New Jersey Assembly Higher Education Committee votes to approve measure that would ban use of all tobacco products, e-cigarettes in outdoor areas of college campuses; such products already prohibited indoors
May 9, 2014
– College students in New Jersey, already banned from smoking in their dormitory rooms, also wouldn't be able to walk out onto the quad to have a cigarette under a bill advancing in the state Assembly.
The Assembly Higher Education Committee yesterday voted 4-3 to approve the measure (A1978), which would ban the use of all tobacco products -- already prohibited indoors -- in outdoor areas of college campuses.
Advocates said the bill would give New Jersey the strictest college campus smoking ban in the nation because it includes all tobacco products, including those sniffed and chewed, as well as electronic cigarettes.
"Ninety percent of persons who start smoking, they do so before the age of 21," said Assemblywoman Celeste Riley (D-Cumberland), the bill's sponsor. "Most students enter college around 18. If they're influenced by friends, this is where they're starting."
The bill comes as New Jersey officials are trying to strengthen the state's anti-smoking laws, which are already stringent. In March, the Assembly passed a bill that would ban smoking at all public parks and beaches.
As recently as Tuesday, Belmar -- a popular tourist destination that had allowed smoking in some areas -- banned it on its beach and boardwalk.
Still, the fate of the measure before the Legislature is uncertain. The three Republicans on the Assembly panel voted against the bill, and the Senate has not yet taken it up. Nor is it clear whether Gov. Chris Christie, a Republican, would sign the bill if it crossed his desk.
And on college campuses in the state, the reaction was decidedly mixed.
Fines for those caught violating the ban would start at $250 for a first offense, $500 for a second offense and $1,000 for each subsequent violation.
Seventeen New Jersey colleges or universities already ban smoking anywhere on campus, according to the American Cancer Society, and at least 23 prohibit it in most places on campus but allow it in designated areas.
Ethan Hasbrouck, state advocacy director for the American Cancer Society, said 1,343 college campuses nationwide have gone smoke-free. While three states have banned smoking at all public colleges and universities, only one, Iowa, has banned it at public and private schools, though the prohibition is not as inclusive as the measure proposed in New Jersey.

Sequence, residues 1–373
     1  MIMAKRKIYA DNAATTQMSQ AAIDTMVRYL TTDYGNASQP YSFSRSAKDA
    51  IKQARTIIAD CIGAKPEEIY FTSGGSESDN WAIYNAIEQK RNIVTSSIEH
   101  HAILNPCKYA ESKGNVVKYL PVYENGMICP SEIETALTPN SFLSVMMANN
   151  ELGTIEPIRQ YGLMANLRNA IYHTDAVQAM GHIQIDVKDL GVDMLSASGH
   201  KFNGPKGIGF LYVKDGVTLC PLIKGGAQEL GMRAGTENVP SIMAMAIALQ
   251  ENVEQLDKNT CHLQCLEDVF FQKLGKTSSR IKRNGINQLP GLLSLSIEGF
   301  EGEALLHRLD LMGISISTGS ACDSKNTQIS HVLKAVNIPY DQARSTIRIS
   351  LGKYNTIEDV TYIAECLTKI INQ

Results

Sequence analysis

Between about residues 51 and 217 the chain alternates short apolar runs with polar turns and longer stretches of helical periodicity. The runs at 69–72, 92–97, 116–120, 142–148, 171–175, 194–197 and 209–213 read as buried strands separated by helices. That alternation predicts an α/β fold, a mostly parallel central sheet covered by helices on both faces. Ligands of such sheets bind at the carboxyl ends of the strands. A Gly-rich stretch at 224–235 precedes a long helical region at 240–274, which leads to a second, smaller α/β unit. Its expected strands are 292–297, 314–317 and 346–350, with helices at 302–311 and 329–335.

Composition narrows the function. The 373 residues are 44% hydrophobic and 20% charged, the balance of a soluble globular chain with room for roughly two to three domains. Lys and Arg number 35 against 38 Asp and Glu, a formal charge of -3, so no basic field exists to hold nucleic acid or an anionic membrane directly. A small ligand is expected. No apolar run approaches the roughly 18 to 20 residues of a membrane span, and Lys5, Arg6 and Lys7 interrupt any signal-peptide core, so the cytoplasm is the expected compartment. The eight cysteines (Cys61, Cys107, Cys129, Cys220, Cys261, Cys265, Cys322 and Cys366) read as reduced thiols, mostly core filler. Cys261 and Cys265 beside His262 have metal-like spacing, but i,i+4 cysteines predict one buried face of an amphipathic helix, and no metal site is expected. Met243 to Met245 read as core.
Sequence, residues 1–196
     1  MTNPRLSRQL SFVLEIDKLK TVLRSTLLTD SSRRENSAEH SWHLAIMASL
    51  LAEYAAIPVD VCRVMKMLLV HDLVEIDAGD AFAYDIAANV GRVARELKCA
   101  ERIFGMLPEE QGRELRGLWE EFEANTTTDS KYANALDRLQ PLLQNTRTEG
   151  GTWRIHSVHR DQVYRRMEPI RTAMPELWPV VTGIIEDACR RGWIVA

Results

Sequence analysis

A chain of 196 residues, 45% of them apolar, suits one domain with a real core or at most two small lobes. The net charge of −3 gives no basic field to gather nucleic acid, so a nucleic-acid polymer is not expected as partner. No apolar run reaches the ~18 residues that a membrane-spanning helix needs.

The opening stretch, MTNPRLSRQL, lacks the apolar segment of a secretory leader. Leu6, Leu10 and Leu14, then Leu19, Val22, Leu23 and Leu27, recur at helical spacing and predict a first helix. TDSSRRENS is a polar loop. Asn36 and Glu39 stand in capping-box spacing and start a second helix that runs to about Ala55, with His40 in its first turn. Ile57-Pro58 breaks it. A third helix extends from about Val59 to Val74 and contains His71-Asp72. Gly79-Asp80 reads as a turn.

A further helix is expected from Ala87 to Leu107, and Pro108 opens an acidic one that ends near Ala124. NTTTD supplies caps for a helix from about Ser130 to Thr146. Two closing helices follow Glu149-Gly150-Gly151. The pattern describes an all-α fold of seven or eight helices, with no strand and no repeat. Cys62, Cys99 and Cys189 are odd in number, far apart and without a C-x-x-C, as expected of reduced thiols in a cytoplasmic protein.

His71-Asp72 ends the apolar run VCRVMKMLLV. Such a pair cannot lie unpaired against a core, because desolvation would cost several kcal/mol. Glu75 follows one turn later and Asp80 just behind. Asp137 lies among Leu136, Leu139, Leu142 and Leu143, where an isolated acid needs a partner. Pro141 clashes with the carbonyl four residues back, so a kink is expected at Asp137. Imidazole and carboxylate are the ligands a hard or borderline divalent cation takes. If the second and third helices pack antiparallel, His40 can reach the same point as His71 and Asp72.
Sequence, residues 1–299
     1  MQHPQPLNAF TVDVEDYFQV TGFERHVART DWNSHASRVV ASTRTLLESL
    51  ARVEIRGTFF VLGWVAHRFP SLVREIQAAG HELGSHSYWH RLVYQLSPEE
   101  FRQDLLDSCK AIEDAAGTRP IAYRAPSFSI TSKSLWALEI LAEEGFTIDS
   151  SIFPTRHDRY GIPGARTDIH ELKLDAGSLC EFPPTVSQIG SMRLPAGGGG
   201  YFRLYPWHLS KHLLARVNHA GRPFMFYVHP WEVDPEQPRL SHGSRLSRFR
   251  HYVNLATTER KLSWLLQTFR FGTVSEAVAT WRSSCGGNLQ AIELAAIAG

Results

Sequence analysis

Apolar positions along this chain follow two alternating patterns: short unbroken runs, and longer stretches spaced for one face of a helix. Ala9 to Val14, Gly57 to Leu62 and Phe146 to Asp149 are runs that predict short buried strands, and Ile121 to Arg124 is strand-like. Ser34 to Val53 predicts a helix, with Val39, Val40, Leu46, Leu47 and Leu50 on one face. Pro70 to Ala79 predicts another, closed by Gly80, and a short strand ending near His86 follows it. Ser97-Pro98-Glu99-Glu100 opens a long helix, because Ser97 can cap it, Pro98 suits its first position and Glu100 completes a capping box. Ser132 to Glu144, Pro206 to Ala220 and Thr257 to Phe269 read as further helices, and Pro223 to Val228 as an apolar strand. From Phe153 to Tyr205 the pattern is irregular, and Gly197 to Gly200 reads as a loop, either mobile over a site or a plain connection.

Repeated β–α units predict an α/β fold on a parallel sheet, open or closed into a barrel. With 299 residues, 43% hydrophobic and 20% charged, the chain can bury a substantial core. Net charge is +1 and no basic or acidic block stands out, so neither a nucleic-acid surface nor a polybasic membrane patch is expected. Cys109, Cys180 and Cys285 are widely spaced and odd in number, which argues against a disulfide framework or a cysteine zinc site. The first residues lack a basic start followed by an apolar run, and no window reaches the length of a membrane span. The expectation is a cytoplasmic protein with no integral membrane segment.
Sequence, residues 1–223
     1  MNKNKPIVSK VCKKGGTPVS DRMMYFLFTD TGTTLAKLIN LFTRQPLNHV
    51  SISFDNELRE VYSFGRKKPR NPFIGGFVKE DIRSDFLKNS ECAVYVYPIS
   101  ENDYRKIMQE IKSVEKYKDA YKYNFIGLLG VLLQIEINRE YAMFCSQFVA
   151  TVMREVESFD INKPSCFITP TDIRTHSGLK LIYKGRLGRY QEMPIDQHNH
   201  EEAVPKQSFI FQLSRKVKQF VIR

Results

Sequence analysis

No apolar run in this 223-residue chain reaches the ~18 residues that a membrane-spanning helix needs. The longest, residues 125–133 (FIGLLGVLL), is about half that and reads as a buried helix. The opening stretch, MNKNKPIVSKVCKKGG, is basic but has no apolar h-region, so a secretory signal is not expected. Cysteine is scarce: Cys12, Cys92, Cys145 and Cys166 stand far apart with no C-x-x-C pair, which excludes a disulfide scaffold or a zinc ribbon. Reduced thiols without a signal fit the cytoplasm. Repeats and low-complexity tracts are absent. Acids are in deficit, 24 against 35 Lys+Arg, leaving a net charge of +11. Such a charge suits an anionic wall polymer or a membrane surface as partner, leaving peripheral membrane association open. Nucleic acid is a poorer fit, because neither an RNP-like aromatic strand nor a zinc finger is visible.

"This is a real opportunity for all New Jersey colleges and universities to work together to support the health of their campus," Hasbrouck said.
But on the Rutgers-Newark campus last night, some students said they thought the proposed law was overstepping its bounds.
Luis Soriano, 24, who smokes a pocket, electronic hookah, suggested that campuses and their communities would be better served by designating smoking areas.
"It's not an illegal choice," said Soriano, a former Bergen Community College student who hopes to attend Rutgers. "It shouldn't be penalized in such a harsh way."
Ryan Gormley, a 20-year-old finance major who runs long-distance on the varsity track and field team, said the measure was a misguided government attempt to legislate behavior.
"Everything is bad for you, apparently," said Gormley, a non-smoker. "If it bothers you, stay away. ... Government is overstepping its bounds."
And Michael Zajac, a 20-year-old accounting major who smokes electronic cigarettes, said he would be "severely disappointed" if the bill was signed into law.
"Why? Is it really bothering anybody?" Zajac said of electronic cigarettes. "Why ban something that's helping people quit?"
Riley, the bill's sponsor, had been unclear at first as to whether electronic cigarettes were included in the legislation.
But Hasbrouck advised the committee that they would fall under the bill's scope.
Assemblyman Gregory McGuckin (R-Ocean) said he liked the idea, but thought that banning electronic cigarettes, known as e-cigarettes, was a "bridge too far."
Assemblyman Thomas Giblin (D-Essex) said that even though he supported the bill he would like to see electronic cigarettes exempted.
The safety of e-cigarettes, which deliver nicotine in the form of water vapor, has become a controversial issue. Advocates of the product say it's a safer alternative to smoking, while many anti-smoking advocates say the cigarettes, a relatively new product, have not been studied enough to know their effects on people's health.
Matt Friedman: (609) 989-0324 or email@example.com
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